Spending time in a hospital isn’t generally a desirable experience for kids or their parents. But when a hospital stay is needed, the horticultural therapy program at Alberta Children’s Hospital is much sought after. Julie Billo, the hospital’s horticultural therapist, says:
If I’m doing my job right, I’m making that generation of kids more aware of how special nature is in their lives. I’m really passionate about it. I feel like I’m planting seeds. I’m teaching them when they’re young, how important nature is to their lives, so it becomes a part of their life.
Julie Billo, Horticultural Therapist at Alberta Children’s Hospital
(Photos by Shelagh Smith except those credited to Julie Billo)
Making ice cream is one of Julie’s more surprising horticultural activities. “Why ice cream? They discuss plant origins: Where does sugar come from? How does milk come from plants? Cows and grass, you’re on the right track.” Add in flavourings… Yup, making ice cream can generate a sweet discussion about plant foods. Ditto for these other oft-repeated cooking activities that use garden produce: apple crisp, carrot muffins, chocolate zucchini loaf, salsa and guacamole, and potato salad.
Potatoes harvested from kid’s veggie garden (Photo credit: Julie Billo)
Julie spends about 70% of her time providing therapeutic horticulture programming and the rest of her time maintaining and improving the hospital’s therapeutic gardens. She works three short days per week in the winter months and four to five longer days per week during the growing season.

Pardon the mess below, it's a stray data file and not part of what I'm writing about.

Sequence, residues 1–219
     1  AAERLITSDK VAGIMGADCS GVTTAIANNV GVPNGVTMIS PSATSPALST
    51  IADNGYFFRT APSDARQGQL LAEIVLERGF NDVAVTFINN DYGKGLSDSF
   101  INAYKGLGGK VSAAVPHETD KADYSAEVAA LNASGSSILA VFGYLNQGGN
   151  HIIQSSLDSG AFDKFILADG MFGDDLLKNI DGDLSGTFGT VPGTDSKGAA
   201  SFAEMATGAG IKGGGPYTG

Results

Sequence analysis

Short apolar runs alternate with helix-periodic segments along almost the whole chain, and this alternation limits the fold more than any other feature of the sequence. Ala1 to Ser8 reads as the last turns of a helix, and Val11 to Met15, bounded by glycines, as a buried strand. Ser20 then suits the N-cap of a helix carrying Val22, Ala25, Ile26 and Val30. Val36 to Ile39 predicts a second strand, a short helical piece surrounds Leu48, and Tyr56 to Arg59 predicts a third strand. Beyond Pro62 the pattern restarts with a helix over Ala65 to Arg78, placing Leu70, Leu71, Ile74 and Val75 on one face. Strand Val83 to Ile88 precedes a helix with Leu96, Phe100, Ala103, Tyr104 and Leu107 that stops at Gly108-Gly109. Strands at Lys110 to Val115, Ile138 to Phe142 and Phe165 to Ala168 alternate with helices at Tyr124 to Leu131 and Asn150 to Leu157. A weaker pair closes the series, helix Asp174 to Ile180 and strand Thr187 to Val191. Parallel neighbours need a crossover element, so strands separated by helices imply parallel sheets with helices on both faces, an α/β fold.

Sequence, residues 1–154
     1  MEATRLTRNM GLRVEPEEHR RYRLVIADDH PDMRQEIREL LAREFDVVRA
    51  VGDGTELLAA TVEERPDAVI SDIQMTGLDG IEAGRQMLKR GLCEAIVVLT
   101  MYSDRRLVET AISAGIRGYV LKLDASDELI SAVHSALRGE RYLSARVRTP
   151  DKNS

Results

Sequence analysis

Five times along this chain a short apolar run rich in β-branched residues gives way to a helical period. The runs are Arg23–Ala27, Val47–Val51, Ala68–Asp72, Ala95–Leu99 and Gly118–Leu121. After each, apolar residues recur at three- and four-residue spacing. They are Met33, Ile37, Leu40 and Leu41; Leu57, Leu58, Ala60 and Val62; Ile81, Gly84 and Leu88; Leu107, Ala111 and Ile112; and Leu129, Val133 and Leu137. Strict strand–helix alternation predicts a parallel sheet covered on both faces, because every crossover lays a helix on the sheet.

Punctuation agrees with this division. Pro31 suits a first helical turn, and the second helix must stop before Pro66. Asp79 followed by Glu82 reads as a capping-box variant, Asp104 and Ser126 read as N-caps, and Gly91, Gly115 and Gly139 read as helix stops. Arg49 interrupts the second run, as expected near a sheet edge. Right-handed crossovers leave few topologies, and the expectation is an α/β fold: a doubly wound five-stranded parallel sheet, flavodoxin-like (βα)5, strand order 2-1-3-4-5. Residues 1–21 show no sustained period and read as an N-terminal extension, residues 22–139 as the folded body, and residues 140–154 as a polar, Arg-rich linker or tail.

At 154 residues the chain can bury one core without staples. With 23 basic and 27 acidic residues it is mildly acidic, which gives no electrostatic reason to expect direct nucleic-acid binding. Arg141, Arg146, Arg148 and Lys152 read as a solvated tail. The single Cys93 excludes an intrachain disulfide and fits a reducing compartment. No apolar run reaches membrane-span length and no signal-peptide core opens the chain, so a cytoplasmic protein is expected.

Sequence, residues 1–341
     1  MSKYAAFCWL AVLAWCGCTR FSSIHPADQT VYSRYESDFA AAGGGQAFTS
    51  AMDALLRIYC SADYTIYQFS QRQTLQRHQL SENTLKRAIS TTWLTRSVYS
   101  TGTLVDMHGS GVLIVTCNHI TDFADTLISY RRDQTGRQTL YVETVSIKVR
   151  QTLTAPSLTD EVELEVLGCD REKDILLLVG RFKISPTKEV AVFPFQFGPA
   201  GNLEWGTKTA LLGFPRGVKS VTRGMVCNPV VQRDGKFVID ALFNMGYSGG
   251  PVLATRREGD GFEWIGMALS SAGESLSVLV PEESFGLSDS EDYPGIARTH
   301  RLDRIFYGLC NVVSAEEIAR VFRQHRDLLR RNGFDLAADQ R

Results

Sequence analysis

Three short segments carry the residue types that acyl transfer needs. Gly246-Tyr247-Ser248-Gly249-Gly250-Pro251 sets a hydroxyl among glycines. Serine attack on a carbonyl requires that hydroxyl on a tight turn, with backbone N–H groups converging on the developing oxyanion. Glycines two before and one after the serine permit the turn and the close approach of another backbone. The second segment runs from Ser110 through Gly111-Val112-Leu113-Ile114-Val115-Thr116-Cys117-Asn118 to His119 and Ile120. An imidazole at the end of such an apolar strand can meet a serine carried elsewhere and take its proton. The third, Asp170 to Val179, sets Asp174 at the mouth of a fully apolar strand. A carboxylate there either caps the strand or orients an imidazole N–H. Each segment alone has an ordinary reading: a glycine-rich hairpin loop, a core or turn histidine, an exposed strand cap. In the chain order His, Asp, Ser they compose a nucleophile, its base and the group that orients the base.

Most of Julie’s programs are group programs, and most often with a specific patient group. She also does one-to-one sessions when requested.
The drop-in group in the art studio is a less structured group, where kids who’ve been in accidents, are sick, or getting therapy may drop in for five minutes or the whole two hours. They cook with fresh ingredients and Julie asks them ‘Where do these foods come from?’ and ‘Have they grown them before?’ She tries to make connections with things they’ve done in the past. Or they might paint a pot and plant a plant.
Julie says, “They don’t know they’re getting therapy” and she calls this “Passive HT” (horticultural therapy).
The Eating Disorder Clinic provides treatment for girls aged 14 to 24. They have their own garden: The Garden of Wishes. It’s got a new self-watering raised bed which “they’ll be planting with food. They’ll look after and nurture food from seed. It’s not a forced thing; they can join if they choose to, and most of them do because they get to spend time outside in the garden.”
Another activity involves tea roses:
I provide tea roses in several different colours and each colour represents a feeling. I let them pick what they’re drawn to and then we talk about the colour and why they picked it and what it represents. And they’re like ‘oh wow’.
They’re interested because they wonder ‘why did I pick that white rose’ or ‘why did I pick the pink one’. Maybe there’s a memory associated with it or a feeling. We talk about that. I also ask, ‘Have you grown plants before? What kind of plants have you grown? How did you like it?’ We’re connecting what they’re doing with something that made them feel happy in another time.